Trustees: Medicare Exhausted in 2026
Medicare’s trust fund will start running out of money in 2026, two years later than the program’s trustees estimated last year as the trend toward slower spending continues.
And here’s a fact that puts an exclamation point on that trend: This year, for the first time ever, the government expects to spend less money per Medicare beneficiary than it did the year before, in part because of the sequester.
The trustees in the annual report noted that the long-term challenges to the program remain as the massive baby boomer population heads into retirement. They called on Congress to address Medicare’s troubled finances “as soon as possible.”
But the looming crisis is less imminent.
Medicare and other entitlement spending will remain hot buttons in the coming fight over the budget and the debt ceiling, but the spending slowdown will help keep the lid on one political flash point at least: the hugely controversial Independent Payment Advisory Board.
Based on the new report, the chief Medicare actuary concluded that Medicare spending won’t trigger action from the controversial panel, which is tasked with curbing the program’s costs if they run too high, through at least 2015.
Administration officials said the improved outlook reflects changes in health care spending as well as policies put in place under President Barack Obama’s health law.
“The Medicare report demonstrates, once again, the importance of the Affordable Care Act, which has strengthened Medicare’s finances by reining in health care costs,” Treasury Secretary Jack Lew said. Indeed, the trust fund has been extended by nine years since the health reform law passed.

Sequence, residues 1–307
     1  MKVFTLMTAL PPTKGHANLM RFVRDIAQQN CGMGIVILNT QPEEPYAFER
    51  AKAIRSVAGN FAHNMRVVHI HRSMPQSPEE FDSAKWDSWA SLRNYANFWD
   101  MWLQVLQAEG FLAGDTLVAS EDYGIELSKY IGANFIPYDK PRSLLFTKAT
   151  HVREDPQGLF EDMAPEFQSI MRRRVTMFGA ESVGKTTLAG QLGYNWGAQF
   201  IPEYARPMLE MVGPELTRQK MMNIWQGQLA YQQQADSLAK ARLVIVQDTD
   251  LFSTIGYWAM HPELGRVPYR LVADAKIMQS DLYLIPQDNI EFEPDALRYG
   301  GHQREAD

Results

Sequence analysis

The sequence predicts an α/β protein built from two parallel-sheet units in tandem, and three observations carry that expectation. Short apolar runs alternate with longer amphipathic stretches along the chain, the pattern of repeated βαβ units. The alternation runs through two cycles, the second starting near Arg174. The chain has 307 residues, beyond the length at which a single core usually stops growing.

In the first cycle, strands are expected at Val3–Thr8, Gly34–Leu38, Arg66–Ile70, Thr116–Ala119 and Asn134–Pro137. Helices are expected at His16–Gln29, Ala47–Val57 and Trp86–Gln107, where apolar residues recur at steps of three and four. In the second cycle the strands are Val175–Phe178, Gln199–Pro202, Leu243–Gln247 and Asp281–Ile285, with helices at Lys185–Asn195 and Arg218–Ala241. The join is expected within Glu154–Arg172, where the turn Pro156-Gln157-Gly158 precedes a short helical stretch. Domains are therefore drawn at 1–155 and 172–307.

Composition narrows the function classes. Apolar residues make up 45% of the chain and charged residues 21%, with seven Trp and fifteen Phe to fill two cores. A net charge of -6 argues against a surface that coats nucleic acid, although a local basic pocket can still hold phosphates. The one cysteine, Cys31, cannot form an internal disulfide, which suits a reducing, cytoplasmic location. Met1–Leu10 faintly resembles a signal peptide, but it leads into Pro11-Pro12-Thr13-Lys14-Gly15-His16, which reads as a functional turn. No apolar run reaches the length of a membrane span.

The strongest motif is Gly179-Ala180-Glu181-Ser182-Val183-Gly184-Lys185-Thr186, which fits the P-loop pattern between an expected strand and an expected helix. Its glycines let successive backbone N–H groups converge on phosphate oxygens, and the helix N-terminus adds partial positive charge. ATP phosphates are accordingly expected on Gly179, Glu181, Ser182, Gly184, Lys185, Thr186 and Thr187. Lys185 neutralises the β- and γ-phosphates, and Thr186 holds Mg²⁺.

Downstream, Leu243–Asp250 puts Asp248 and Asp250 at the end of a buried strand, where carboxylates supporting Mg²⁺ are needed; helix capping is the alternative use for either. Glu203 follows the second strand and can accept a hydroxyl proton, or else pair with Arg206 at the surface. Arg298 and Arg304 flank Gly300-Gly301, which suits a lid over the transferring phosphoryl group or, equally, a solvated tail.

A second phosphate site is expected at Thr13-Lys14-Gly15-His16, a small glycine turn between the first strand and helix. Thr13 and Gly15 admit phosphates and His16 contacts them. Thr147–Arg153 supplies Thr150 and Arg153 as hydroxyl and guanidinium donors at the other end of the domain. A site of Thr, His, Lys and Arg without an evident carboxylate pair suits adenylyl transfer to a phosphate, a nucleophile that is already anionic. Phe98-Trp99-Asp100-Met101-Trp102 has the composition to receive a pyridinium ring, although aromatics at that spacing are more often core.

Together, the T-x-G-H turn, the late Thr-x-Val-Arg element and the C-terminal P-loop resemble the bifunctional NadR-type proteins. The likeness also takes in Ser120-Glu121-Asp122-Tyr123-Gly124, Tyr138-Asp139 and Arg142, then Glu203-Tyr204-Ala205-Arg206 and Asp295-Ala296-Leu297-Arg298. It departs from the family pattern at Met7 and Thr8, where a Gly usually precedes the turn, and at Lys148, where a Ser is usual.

But Medicare trustee Robert Reischauer warned against seeing this year’s report as a significant development for Medicare, saying, “I think that such an interpretation would be a mistake.”
He said the “discipline” in the federal health care law is partly responsible for the slowdown in spending in addition to the country’s broader economic problems, but sustaining the trend will require concerted effort in the public and private sectors that is anything but guaranteed.
Congress must make “unavoidable adjustments” for cost savings beyond what’s in the Affordable Care Act, and the sooner it acts, the less disruptive those changes will be, he said.
Health care providers must become more efficient, and employers, labor unions, insurers and others must pitch in to reinforce the transformation of the health care payment system begun in the federal health care law, Reischauer said.
Filed Under: Medicare/Medicaid